WENDEN, Ariz. (AP) _ Receding floodwater left Susan Rohrig's house smeared with mud, but she didn't cry until finding her children's shoes, soaked and stained.

``I sort of lost it back there,'' said Rohrig, who wept while dumping a plastic storage box packed with soggy shoes on her front lawn. Two of her children hosed them down.

She and her family were among about 500 residents evacuated from Wenden and nearby Salome on Sunday who began returning to dig out after a flash flood that had ripped apart asphalt, dumped as much as a foot of dirt and gravel in yards, submerged vehicles and knocked mobile homes off their bases.

Preliminary estimates showed the flood caused at least $2 million in damage to the town's roads, bridges and other infrastructure. The estimate isn't in yet for homes, vehicles and the county's melon and cotton crops, which were being harvested.

An Army National Guard helicopter resumed searching for two men whom witnesses said had been swept away by floodwaters. Five others, all migrant workers, were believed to be missing. Authorities weren't sure if the five had been caught in the flood.

Lt. Don Davis said the sheriff's office would be conducting ground searches once the water receded. The National Weather Service forecast dry weather for the next several days.

Rohrig and her husband, Lowell, said their home was a total loss with water marks reaching two feet up the walls.

``It's devastating. This is what me and my wife worked for,'' said Lowell Rohrig Jr. ``It's not just me. We're lucky. Look down the street.''

Nearby, three barefoot men were pulling clothes, a radio, a VCR and other belongings from a mud-encrusted shack in one of the worst-hit areas. A bicycle lay half-buried in the backyard.

Antonio Santos, one of hundreds of migrant farm workers in the area for the harvest, said he and others were returning to Mexico.

He wasn't alone.

``It looks like we're going back to Mexico because there's no work and too much water,'' said Ivan Obeso.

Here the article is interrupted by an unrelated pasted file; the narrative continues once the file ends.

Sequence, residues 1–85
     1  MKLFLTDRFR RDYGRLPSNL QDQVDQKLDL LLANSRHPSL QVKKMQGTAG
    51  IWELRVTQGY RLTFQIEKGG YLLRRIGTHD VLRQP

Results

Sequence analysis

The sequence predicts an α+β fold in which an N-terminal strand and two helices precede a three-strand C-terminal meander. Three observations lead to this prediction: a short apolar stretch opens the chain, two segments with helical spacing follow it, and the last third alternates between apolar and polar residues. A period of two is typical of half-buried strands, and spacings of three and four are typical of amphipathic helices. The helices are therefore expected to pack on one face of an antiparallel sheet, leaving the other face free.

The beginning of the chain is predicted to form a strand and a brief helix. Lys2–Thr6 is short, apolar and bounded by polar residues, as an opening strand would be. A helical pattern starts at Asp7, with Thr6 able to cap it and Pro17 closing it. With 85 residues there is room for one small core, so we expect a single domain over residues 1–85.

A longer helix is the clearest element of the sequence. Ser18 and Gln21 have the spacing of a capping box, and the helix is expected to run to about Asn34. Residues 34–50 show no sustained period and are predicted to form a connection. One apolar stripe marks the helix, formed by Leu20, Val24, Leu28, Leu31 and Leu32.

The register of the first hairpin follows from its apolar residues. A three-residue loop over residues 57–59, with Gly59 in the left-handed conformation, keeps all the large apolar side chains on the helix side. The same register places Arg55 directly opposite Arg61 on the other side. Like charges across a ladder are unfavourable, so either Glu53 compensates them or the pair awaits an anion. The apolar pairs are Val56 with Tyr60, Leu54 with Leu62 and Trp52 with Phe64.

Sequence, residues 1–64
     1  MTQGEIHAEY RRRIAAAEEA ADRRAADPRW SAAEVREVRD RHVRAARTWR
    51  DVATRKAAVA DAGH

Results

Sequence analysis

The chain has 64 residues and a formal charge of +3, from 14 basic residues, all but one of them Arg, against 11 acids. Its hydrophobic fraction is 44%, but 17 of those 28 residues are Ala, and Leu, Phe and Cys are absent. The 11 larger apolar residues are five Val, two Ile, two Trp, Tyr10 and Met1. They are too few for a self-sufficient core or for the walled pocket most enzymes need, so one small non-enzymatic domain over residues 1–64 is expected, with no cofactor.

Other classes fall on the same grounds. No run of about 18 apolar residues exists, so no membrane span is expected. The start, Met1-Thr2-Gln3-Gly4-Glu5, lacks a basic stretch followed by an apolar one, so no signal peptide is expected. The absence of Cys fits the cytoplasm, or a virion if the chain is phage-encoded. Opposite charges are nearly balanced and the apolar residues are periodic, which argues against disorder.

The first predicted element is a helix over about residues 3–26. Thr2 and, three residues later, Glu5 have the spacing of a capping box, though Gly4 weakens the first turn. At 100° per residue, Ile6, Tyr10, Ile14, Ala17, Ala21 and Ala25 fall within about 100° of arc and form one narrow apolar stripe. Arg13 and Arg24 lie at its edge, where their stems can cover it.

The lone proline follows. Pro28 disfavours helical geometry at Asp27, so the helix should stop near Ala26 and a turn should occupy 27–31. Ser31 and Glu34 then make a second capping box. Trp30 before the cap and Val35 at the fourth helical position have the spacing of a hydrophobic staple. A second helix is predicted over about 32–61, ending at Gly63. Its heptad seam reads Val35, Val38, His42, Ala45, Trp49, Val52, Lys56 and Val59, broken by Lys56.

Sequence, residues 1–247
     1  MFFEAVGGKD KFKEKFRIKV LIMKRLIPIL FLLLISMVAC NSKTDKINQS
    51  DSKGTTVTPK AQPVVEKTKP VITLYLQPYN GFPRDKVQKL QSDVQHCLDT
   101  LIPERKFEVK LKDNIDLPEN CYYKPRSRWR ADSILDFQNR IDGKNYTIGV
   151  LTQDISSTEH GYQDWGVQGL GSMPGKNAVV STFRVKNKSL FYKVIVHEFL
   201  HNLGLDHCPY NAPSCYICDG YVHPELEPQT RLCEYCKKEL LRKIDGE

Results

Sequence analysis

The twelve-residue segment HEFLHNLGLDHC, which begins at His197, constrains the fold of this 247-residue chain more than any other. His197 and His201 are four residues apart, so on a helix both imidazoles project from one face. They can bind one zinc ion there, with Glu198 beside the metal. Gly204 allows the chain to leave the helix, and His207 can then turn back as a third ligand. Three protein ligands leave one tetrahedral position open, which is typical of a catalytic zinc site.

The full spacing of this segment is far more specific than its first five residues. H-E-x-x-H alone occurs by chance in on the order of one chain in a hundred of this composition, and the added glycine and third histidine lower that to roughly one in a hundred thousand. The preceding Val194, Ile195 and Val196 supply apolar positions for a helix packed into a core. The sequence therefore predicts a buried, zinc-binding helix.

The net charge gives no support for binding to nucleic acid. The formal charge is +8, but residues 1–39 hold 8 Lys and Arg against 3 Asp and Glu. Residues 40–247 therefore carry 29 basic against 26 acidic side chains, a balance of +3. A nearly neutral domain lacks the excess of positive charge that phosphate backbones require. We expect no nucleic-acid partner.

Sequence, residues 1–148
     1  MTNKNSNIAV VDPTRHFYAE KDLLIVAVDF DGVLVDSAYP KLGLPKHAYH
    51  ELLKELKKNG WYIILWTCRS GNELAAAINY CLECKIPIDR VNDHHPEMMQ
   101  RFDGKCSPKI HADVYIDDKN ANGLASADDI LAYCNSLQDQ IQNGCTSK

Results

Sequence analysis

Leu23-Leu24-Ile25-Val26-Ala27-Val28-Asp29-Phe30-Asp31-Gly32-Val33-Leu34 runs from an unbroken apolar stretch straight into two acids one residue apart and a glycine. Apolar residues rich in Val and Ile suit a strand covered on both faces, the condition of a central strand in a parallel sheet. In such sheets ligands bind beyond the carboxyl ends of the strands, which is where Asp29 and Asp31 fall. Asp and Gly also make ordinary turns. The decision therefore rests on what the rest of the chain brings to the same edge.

Rain began over the weekend, sending the flood rushing toward Wenden, a town of about 1,200 people 90 miles west of Phoenix, and nearby Salome, on Sunday. Because of the desert terrain, water doesn't soak into the ground, and Sunday's rainfall was joined by floodwater pouring in from higher elevations.

The Army National Guard sent about 30 guardsmen, all-terrain vehicles and other equipment to Wenden to help clear the roads and to recover vehicles, some piled like discarded children's toys. The Federal Emergency Management Agency also sent a team to Wenden.

About 100 people were still in a high school shelter Tuesday in Parker, about 40 miles to the northwest. While the numbers dropped, some people were resigned to staying a while longer.

Maria San Juanita Hunt said her mobile home and those belonging to family members were unlivable, with several inches of mud covering the floors and at least one ripped apart by the violent surge of water. She said the family had nowhere to go now.

``When we got out of there the water was to my chest. We were grabbing our kids and getting out of there,'' said Hunt, crying. ``We all managed to get out safe and alive, that's what counts right now.''


On the Net:

FEMA: http://www.fema.gov

La Paz County: http://www.co.la-paz.az.us